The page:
was in pretty rough shape and having been heavily used for who knows how many decades?
Any glue that might have been used had long since disintegrated, and the finish was heavily
worn. A few small nails held everything together in a very wobbly manner. It probably
started out life in York, Pennsylvania. from whence her parents both harkened ...
After searching occasionally for many years for
Crosley 03CB radio in a location close enough to drive to, I finally saw one on Craigslist
in Harrisburg, PA, about 300 miles from my home in Erie, PA. Melanie and I picked it
up yesterday. It needs - and will receive - a total restoration for both the cabinet
and the electronics, but it appears to be in better condition that my first pre-restored
Crosley 03CB. This radio is Chassis #95. As of this writing (July 2013) all the parts
have been disassembled and the woodwork on the cabinet is underway. Some joints needed
gluing and the lamination had separated in a few areas. The metal faceplate components
are ready to paint, and the mounting hardware has been re-plated with copper per the
original. There is still a lot left to be accomplished, including a complete disassembly
During our frequent walks around the neighborhood
here in Erie, PA, Melanie and I would see houses that had flower boxes installed beneath
the windows and vowed that some days we would do the same for our house. Finally, as
a present to Melanie for her birthday, I made measurements and drew up some plans for
a set to put on the front of our house. After doing a search on the Internet for ideas,
I decided on a fairly unique configuration where the boxes themselves sit on a shelf
that is mounted to the house. That allows the boxes to be easily removed for servicing
Another of Melanie's family's relics is this
pine clothes chest. After more than 100 years of use and abuse, this chest was in dire
need of restoration. Construction is very low density pine, with dovetailed corners.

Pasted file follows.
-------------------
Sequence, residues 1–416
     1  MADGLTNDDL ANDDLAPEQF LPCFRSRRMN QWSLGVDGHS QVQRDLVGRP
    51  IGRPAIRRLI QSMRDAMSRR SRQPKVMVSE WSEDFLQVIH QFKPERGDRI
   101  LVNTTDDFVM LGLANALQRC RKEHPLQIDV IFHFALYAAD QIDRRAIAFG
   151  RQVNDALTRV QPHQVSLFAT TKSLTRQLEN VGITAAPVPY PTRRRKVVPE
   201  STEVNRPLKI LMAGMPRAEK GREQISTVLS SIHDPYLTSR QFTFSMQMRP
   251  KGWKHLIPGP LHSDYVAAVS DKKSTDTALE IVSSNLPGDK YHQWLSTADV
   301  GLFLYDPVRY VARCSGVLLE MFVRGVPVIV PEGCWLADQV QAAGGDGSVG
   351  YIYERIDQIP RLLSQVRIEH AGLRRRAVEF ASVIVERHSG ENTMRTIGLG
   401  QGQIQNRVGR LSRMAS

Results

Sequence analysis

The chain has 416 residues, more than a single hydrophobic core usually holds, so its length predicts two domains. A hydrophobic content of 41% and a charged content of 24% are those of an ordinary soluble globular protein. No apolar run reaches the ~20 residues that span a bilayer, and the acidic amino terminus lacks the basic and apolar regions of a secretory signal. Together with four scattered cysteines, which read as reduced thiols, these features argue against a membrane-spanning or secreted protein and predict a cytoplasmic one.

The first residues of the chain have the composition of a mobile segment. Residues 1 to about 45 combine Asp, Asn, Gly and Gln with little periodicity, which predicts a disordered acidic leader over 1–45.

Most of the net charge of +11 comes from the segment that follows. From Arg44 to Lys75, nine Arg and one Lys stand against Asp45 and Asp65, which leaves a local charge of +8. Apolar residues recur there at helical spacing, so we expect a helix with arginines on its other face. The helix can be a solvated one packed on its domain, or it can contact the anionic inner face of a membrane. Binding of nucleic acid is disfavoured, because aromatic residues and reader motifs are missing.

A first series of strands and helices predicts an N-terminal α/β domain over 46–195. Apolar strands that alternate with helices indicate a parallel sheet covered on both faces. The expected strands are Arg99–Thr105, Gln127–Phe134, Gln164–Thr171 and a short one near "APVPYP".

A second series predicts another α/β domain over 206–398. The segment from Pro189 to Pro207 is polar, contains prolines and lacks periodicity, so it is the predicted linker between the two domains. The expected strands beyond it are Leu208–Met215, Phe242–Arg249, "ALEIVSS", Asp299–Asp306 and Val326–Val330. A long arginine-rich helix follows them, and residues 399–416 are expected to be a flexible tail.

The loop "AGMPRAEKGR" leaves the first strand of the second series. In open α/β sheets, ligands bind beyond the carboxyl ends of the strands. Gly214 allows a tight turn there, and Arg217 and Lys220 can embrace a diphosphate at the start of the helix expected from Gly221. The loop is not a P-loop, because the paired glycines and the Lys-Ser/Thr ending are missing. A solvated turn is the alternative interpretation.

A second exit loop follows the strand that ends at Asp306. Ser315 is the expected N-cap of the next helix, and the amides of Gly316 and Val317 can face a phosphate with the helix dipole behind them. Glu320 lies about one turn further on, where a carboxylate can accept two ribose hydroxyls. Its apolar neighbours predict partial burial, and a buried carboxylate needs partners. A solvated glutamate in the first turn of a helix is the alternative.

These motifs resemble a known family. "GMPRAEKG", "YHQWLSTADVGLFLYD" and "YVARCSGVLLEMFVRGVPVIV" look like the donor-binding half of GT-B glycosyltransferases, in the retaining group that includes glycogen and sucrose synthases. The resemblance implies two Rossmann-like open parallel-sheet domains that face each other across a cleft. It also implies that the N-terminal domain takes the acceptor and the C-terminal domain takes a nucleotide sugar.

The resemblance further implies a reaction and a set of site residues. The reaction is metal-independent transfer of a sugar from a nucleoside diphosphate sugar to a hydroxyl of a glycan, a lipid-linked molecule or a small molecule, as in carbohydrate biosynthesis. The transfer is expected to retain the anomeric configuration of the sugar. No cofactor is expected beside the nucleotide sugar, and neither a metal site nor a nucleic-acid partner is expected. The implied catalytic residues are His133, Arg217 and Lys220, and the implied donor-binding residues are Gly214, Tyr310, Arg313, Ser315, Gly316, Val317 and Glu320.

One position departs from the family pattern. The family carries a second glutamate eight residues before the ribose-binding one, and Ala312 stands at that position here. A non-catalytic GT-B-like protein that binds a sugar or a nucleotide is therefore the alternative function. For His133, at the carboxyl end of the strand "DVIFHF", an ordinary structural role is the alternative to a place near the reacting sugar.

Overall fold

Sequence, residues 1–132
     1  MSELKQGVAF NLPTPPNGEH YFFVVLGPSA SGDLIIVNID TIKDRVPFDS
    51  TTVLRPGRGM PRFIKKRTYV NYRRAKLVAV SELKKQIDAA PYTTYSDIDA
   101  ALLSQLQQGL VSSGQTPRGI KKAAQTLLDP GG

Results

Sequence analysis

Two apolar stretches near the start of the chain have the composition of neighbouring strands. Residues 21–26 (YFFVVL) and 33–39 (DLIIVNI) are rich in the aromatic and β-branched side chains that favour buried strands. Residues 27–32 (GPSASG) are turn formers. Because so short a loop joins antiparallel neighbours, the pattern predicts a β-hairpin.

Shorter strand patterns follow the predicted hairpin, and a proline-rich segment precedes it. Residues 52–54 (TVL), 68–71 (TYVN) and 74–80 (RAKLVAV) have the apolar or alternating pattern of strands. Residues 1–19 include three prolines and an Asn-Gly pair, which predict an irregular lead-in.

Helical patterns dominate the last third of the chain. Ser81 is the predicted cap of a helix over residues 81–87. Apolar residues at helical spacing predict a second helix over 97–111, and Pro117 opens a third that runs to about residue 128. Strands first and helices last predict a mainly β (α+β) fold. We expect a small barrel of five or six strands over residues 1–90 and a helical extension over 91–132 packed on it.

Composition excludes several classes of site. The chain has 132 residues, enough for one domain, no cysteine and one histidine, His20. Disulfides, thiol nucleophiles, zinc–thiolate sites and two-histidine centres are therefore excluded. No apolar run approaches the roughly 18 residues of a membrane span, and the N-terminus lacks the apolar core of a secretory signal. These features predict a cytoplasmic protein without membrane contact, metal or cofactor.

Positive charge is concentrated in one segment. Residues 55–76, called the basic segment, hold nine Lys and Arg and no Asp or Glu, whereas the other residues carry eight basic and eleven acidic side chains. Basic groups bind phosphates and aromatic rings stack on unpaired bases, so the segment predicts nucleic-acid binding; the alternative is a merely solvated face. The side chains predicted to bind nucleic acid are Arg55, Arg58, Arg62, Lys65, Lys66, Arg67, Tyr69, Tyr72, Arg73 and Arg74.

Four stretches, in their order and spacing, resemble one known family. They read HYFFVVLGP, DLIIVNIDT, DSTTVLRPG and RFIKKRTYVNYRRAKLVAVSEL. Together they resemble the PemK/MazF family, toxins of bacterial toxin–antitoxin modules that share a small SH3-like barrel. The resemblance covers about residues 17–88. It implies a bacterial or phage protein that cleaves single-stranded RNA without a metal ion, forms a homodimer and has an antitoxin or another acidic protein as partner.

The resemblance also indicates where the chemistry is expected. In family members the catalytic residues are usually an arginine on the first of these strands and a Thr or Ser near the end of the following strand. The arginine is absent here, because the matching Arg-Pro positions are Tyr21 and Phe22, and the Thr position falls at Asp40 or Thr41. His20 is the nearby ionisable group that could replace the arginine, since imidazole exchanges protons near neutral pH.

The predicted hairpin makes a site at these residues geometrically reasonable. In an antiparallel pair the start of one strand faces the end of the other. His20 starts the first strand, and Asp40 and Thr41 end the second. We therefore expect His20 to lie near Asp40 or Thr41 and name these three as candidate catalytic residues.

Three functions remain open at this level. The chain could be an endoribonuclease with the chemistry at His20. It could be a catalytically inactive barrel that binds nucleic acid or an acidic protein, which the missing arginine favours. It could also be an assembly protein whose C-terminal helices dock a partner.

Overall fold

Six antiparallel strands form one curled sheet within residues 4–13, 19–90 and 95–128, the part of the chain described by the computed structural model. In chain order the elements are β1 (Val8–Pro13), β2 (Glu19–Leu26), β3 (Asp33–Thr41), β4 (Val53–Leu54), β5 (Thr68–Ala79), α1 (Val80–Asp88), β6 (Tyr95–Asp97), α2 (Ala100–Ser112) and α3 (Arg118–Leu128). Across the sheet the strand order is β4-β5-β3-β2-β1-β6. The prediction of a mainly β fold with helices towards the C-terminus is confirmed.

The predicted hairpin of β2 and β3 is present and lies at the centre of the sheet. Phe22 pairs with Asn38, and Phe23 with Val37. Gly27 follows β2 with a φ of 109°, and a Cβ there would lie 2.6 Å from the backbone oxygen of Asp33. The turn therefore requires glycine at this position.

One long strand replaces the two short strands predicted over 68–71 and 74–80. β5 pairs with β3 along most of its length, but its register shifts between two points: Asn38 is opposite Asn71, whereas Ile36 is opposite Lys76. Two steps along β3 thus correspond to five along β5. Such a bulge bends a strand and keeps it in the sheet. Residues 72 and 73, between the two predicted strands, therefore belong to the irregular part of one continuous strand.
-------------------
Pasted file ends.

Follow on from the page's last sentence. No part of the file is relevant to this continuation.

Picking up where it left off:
Finish was a clear varnish with no stain. The bottom, back, and inside had no finish
at all. Restoration consisted of knocking apart and re-gluing most joints, sanding, and
filling in the multiple dings and scratches where they were really deep. Minor imperfections
were kept for the sake of character. Minwax dark walnut stain was used inside and out,
and allowed to dry for a week. Then, two coats of Deft satin clear were brushed on with
bench has been in Melanie's family for a couple generations. It was in pretty rough shape.
I chose to sand the finish off rather than use chemical stripper because it was fairly
brittle and came off easily. A leg had been broken and some drawer joints needed re-gluing.
All of the square strips on the work surface were removed for sanding. The wood is very
soft pine. Final finish was Minwax stain and Minwax Polyurethane. Although polyurethane
is hard to work with because if runs so easily ...
wall clock was purchased on eBay for around $50 in early 2007. The mechanical pendulum-regulated,
spring-driven escapement movement took a bit of cleaning, oiling and adjusting to get
working; it can be seen in action online on
YouTube. The finish as received was in really awful shape. It took
a lot of chemical stripper to remove the finish. I removed as many parts as possible
for sanding and the reinstalling. The design on the top plate was made of copper and
was in very poor shape, with parts of it corroded away, I just disposed of it. The brass
dial ring, hinges, and pendulum were wire-wheeled and lacquered. The glass is silkscreened
on the back surface. Interestingly, the clock was made in China (circa 1899), and has
what looks like a Star of David pattern on in the middle. My standard Minwax stain with
Deft lacquer clear coat was applied. Summer 2007.
Here is an antique secretary cabinet that was
given to us by Melanie's parents shortly after we were married. As received, it was in
fairly good shape, but the finish was very tired and stained, and most of the joints
were loose. There was no glass in the door, and the beveled mirror panel was missing
most of its silver backing. We used it for many years after just buying a piece of glass
for the door.
Sometime around 1998 I decided to refinish it. At that point the decision was made
to totally disassemble the entire secretary because all of the joints were so loose.
It came apart like a puzzle with just a few whacks of a mallet. All the pieces were stacked
in a neat, flat pile and ended up being moved twice until finally in Loveland, Colorado,
in 2001, I got up the nerve to tackle the job of assembling and finishing it. After much